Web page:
AARP Eye Center
By Greg Saitz
For Ronne Bassman-Agins, getting around her hometown of Fort Lee on foot is a dangerous experience.
“It’s crossing streets. I live near the center of town, and I walk a lot. It is not safe,” said Bassman-Agins, 69, who began contacting the police chief and mayor last year about safety issues after retiring as a clinical social worker.
Situated at the foot of the George Washington Bridge, the 2.5-square-mile borough is often clogged with motorists. Pedestrian crossing signals at intersections, she says, are inadequate.
Accident statistics back up her concerns. Vehicles struck 67 pedestrians in Fort Lee in 2012, killing four of them. By May of this year, 16 pedestrians had been hit, and one had died, police said.
“We have a real problem here in Fort Lee when it comes to pedestrians and motorists,” said Tim Ford, borough deputy police chief, noting many of the victims were older.
But the borough is trying to improve. Last November, Fort Lee’s council adopted a “complete streets” policy, which directs transportation planners to take into account pedestrians, bicyclists and people with disabilities—as well as motorists—when constructing new roads or renovating existing ones.
High fatality rate for 60+
Other towns also could benefit from such plans, which is why AARP New Jersey and other advocacy groups are encouraging about a dozen localities to adopt a complete streets policy, said Brian McGuire, AARP New Jersey associate state director for advocacy.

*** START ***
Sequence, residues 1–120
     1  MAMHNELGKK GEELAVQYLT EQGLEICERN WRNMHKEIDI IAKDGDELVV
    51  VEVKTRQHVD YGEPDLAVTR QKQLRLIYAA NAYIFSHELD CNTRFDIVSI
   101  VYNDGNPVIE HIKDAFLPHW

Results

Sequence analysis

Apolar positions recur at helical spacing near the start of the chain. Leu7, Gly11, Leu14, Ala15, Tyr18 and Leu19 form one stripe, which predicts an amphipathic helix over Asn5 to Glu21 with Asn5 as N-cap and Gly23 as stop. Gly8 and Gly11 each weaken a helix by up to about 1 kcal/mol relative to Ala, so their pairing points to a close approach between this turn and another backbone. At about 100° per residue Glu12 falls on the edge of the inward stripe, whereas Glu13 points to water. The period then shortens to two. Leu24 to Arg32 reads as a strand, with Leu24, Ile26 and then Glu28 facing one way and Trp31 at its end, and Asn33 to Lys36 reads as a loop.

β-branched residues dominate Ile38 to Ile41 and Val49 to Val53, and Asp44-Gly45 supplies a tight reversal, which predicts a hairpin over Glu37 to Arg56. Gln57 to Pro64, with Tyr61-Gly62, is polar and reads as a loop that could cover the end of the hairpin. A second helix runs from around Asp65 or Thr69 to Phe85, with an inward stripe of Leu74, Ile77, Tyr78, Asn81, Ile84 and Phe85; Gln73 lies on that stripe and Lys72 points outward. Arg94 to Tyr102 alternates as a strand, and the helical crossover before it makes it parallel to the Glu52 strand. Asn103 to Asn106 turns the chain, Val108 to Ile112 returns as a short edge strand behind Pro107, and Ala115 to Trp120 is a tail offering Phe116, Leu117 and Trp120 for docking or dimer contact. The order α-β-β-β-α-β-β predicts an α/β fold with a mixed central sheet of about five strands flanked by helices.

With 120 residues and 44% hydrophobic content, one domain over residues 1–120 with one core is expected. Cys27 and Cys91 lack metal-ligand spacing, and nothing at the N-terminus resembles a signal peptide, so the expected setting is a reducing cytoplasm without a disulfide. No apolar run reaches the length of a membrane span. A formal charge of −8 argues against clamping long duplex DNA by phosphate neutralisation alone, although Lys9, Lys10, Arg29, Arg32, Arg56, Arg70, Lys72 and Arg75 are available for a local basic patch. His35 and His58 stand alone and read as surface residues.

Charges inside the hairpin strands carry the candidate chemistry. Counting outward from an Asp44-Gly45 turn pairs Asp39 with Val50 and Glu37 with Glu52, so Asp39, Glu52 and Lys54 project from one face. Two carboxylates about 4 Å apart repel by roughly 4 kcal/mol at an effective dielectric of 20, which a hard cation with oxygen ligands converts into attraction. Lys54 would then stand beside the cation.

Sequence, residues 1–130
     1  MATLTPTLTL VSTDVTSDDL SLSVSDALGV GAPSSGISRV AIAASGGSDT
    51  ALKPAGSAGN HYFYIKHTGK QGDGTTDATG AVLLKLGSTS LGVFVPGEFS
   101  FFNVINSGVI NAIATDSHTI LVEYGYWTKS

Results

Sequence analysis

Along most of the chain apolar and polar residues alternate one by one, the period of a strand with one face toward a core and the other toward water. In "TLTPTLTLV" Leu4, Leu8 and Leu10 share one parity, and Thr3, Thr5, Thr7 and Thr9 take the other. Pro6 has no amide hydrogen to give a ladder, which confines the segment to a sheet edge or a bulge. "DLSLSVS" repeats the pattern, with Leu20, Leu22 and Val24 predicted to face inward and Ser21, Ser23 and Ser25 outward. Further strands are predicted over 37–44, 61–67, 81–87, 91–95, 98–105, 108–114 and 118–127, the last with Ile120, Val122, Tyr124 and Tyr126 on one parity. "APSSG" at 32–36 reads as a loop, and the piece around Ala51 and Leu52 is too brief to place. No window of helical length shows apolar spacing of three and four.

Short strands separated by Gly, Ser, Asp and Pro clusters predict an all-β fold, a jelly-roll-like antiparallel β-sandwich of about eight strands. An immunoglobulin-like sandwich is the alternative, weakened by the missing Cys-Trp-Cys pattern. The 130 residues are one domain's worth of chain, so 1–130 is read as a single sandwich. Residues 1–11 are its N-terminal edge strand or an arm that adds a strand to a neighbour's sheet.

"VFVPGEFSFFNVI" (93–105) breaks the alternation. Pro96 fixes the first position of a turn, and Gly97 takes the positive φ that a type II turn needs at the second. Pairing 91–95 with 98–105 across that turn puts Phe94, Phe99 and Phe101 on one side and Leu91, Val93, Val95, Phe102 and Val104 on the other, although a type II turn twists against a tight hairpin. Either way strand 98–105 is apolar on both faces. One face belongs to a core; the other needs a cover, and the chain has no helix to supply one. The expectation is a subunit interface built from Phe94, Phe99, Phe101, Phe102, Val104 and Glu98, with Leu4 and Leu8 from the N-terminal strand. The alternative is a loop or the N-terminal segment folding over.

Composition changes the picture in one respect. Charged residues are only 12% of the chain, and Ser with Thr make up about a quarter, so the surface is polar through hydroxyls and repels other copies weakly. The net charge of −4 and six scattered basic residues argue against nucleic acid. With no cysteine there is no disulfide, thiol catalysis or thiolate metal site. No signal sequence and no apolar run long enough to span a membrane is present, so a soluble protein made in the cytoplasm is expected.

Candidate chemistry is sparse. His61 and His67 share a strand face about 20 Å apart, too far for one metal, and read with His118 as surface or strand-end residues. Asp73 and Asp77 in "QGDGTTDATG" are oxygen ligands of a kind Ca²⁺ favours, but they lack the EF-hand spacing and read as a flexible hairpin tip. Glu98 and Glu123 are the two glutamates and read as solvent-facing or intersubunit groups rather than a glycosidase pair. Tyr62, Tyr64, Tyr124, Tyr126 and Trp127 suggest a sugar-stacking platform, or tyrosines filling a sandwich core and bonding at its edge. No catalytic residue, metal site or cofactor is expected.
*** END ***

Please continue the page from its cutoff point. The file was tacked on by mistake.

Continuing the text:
The safety problems in Fort Lee—where 43 percent of the population is 50 or older—are also found statewide. Last year, 163 pedestrians were killed in the state, almost half of them 50 or older, according to the state police. The fatality rate for pedestrians 60 or older is nearly twice as high as for younger walkers, the nonprofit Tri-State Transportation Campaign reported.
“This is obviously a concern. We’ve got to do more,” McGuire said. “We’re looking at the larger towns that have safety issues that don’t have complete streets policies yet.”
To help, AARP is recruiting residents like Bassman-Agins in targeted communities around the state to get involved in the process and spread the word about the benefits of complete streets.
“Complete streets policies are a good first step,” said Janna Chernetz, New Jersey advocate for the Tri-State Transportation Campaign. But, she added, “Having the policy is not going to change anything; you have to implement the policy.”
Aiming for every town
McGuire said he hopes more than 100 jurisdictions will adopt complete streets policies by the end of the year and that, ultimately, every locale in the state will follow suit.
In Fort Lee, part of the problem Bassman-Agins encounters is that that there are intersections that are controlled by different entities—the borough, the county or the state. Broadening complete streets policies to encompass multiple jurisdictions would help solve that problem, advocates say.
Several years ago, Fort Lee upgraded pedestrian crossing signals at 18 intersections with countdowns to alert walkers how much time they have to cross, borough engineer Edward Mignone said. Pedestrians should see the same upgrade to one of Fort Lee’s main intersections soon.
This spring, Fort Lee police conducted “Cops in Crosswalks” operations, in which plainclothes officers stepped into crosswalks and drivers who didn’t yield to pedestrians were pulled over. The crackdowns resulted in police issuing more than 140 summonses at $230 each.
To become part of the AARP New Jersey complete streets community team or to find out more about the policy and what volunteers can do to get their town to adopt one, go to action.aarp.org/completenj.
Greg Saitz is a freelance writer and photographer based in Madison, N.J.